Isaiah came forward, shoe in hand, ready to do his duty, but the spider was sly, and stayed in the nooks, crannies and crevices where Isaiah couldn’t get it. Meanwhile, my panic was rising. I called Jeremy, but he didn’t answer the first time… or the second… or the fifth. When I finally got to talk to him, I explained the situation, and told him he needed to come immediately.

While we waited, the boys and I watched that spider constantly. The only time I took my eyes off of it was when I was checking to make sure the State Trooper across the highway was still occupied. I was sure he’d seen us and would come over as soon as he was finished with the semi he’d pulled over, and that was a conversation I didn’t want to have. There’s just no good way to explain that you’re pulled off the road and standing on the running board of your van because you’re scared of a spider smaller than a nickel. I’m all for backing the blue, but I’d rather not be their source of entertainment.

When Jeremy arrived, he asked where the spider was and in less than a minute, the creeper was on the asphalt. Jeremy hugged & kissed me and said, “Now let’s get out of here before the police man comes over here” (read my mind!).

So he rescued me. But that wasn’t the best part. The best part was at 3:08.

img_8841

“It was my privilege.”

There could be no better response. He didn’t laugh at me, chide me, or even smirk. He counted it his honor to save me from fright and embarrassment. I’ve thought a lot about that statement. His privilege. How so? Well, he’s the only one I’d have called without hesitation. He sees a side of me, knows depths of me that no one else knows. And not only does he love me anyway, but he considers it a privilege.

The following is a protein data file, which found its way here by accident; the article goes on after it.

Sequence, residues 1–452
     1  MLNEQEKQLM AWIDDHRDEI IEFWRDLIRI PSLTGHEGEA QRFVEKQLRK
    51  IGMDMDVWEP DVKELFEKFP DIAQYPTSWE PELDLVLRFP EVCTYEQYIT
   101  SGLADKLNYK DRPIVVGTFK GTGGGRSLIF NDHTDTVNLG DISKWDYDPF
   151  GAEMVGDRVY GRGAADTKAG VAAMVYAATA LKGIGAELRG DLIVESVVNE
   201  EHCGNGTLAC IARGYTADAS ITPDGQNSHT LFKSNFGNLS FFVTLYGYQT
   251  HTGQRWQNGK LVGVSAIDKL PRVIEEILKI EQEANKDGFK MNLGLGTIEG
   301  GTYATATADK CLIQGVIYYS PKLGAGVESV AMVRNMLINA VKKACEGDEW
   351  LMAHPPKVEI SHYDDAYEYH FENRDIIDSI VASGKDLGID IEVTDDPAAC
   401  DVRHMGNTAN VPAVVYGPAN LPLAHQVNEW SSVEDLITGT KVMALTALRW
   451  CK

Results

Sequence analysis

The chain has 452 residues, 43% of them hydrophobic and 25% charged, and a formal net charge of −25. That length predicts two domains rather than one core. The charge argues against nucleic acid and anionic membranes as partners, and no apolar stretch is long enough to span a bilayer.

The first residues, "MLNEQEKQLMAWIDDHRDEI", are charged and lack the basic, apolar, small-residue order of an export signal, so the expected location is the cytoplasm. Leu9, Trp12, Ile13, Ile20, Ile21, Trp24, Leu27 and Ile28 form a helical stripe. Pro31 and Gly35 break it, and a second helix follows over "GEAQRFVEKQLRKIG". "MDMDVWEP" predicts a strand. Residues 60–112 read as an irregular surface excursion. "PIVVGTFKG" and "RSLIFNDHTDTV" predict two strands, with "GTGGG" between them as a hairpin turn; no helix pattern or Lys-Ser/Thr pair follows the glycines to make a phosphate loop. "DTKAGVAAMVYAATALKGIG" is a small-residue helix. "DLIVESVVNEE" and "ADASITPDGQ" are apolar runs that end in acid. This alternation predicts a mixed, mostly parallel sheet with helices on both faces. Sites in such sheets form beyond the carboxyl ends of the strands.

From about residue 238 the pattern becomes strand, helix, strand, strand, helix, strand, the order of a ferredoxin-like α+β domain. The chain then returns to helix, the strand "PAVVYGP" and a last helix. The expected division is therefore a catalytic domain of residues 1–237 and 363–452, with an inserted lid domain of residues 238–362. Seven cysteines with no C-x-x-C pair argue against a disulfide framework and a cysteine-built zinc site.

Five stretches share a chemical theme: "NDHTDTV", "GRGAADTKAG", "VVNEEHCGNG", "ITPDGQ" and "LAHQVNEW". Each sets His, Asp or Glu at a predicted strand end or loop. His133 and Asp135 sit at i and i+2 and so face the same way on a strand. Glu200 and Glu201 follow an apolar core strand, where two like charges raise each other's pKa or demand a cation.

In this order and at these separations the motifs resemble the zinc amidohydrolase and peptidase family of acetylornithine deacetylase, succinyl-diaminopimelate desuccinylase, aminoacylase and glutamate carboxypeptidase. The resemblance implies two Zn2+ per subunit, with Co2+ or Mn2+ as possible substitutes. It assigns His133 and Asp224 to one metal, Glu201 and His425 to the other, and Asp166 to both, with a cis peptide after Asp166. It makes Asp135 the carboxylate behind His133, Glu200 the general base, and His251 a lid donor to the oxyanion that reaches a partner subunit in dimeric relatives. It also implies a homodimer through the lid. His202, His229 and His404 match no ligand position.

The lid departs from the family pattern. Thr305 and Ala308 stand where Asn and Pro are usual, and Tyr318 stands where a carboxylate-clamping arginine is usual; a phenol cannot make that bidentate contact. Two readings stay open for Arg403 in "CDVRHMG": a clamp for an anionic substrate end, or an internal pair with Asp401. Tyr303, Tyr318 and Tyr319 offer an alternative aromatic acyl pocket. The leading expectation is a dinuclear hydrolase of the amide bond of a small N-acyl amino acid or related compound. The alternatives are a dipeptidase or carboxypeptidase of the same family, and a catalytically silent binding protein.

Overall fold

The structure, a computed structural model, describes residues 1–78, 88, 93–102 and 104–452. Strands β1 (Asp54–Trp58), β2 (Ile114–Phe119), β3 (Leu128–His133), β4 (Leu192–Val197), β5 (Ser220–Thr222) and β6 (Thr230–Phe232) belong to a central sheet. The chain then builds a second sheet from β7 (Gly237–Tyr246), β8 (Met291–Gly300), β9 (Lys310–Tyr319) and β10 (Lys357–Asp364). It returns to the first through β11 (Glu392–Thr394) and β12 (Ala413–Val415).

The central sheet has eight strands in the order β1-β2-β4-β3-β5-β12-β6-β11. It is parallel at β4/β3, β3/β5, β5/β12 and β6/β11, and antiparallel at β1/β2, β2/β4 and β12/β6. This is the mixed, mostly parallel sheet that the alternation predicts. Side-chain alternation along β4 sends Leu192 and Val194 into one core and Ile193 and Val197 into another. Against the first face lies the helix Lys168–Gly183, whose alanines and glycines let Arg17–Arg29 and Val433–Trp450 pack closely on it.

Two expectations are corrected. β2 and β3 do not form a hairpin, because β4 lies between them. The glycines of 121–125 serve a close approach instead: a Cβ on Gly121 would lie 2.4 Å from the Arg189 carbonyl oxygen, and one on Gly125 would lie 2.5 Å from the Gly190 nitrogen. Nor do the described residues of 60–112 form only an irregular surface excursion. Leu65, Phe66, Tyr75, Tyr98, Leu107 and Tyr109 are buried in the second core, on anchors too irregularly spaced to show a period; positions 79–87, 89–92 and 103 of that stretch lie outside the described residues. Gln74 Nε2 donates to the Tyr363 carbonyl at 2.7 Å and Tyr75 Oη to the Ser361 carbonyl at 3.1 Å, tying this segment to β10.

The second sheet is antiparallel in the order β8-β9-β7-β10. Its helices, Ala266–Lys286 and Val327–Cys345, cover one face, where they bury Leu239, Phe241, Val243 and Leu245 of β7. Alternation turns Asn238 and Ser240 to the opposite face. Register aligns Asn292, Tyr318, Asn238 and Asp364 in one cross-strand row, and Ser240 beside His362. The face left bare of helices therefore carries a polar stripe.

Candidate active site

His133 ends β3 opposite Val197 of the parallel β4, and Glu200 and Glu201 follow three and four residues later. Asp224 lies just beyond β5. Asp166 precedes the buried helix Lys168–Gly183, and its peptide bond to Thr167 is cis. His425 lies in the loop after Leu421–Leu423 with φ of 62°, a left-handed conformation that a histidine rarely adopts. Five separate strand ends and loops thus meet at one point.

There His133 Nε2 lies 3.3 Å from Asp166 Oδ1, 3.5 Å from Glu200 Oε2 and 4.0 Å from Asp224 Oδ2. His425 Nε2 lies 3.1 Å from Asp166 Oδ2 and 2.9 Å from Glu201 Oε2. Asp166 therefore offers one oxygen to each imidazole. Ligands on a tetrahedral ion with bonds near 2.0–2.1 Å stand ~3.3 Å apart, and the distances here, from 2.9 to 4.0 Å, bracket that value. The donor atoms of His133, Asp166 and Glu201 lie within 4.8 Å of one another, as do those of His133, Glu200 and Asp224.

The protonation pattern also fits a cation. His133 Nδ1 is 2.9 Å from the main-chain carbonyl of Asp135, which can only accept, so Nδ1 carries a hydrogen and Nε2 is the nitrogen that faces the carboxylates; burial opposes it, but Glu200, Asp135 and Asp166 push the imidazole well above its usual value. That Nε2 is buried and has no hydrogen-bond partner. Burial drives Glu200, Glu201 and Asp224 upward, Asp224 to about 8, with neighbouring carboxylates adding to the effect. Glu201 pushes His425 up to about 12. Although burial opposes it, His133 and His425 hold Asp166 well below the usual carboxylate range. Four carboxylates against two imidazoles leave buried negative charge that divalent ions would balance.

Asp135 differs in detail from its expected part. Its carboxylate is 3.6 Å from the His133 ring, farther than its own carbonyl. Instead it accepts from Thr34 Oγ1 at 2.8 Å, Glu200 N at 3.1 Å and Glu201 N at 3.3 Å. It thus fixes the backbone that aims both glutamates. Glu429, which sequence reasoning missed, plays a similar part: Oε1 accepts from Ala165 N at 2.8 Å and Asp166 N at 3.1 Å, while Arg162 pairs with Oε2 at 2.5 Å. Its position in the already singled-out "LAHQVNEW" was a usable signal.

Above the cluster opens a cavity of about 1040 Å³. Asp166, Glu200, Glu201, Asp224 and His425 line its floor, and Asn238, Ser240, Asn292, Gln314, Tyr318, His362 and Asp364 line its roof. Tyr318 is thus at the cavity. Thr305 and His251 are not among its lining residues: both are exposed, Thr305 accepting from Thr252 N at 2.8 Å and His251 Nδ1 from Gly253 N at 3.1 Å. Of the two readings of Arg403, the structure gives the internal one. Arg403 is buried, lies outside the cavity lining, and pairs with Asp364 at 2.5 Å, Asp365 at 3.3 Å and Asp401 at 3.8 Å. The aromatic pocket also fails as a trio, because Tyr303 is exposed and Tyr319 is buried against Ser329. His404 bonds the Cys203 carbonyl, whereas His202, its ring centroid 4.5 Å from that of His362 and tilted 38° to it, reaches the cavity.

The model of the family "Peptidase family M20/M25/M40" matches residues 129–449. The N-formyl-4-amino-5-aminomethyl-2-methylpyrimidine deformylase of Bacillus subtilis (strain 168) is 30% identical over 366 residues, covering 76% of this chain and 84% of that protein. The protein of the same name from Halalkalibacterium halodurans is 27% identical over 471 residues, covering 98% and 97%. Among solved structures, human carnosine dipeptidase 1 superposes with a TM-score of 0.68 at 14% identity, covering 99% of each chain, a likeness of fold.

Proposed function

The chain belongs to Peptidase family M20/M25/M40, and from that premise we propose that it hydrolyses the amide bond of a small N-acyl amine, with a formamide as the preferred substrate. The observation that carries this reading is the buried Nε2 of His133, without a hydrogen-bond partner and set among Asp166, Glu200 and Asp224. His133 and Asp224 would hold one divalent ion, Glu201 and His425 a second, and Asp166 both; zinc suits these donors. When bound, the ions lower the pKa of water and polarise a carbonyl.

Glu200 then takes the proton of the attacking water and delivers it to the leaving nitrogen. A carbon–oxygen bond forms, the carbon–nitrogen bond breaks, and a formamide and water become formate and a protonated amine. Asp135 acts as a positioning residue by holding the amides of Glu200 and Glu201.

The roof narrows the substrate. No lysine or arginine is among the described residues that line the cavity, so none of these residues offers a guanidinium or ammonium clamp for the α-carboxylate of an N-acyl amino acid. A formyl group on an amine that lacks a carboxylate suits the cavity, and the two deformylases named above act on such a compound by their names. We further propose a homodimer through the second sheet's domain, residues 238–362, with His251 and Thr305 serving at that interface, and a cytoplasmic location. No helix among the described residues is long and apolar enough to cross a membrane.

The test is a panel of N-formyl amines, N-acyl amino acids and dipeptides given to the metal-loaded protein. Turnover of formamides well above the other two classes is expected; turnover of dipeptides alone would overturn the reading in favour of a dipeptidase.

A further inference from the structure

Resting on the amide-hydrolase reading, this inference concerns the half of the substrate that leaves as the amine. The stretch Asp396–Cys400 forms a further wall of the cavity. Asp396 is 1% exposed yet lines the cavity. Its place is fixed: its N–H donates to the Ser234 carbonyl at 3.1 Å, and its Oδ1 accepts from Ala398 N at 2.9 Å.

And that’s simply… well… I just don’t have the words.

 

 

What to do on a blue day October 27, 2016

Filed under: Depression,diary — Erynn Sprouse @ 10:31 pm
Tags: ,

I’ve written here before about my issues with depression… though, to call it “depression” somehow feels grandiose, like an overstatement. I suppose the label doesn’t particularly matter. Whatever it is, it’s gotten better (so much better!) and less frequent, too. Still… there are days like today. On days like today, I feel… fragile. Scared. Anxious. Small. Incapable. Wilted. I second (and third) guess everything I do. Everything feels much bigger than it really is. A cloak of sadness, melancholy, blue hangs on my shoulders, wraps itself around me, mutes all the colors, casts a fog over my mind, and makes everything difficult…

But it’s just a blue day. It’s nothing like these days used to be before I got my tattoo. It would be hard to express just what an amazingly effective and positive tool my tattoo has been. Even on blue days, I don’t have thoughts of ending my “sentence.” I’m not scared of myself or what I might do. I’m MUCH more in control. And I know the blue will pass (I can say that it’s just a blue day).

Another huge difference between then and now and is that I’ve learned what to do. It isn’t exactly that I’ve learned how to help  dig myself out, but I have learned some things that help me cope, get along, not sink… and I drew this to help remind myself of the tools I can use. I hope it’ll be of use to someone else, too.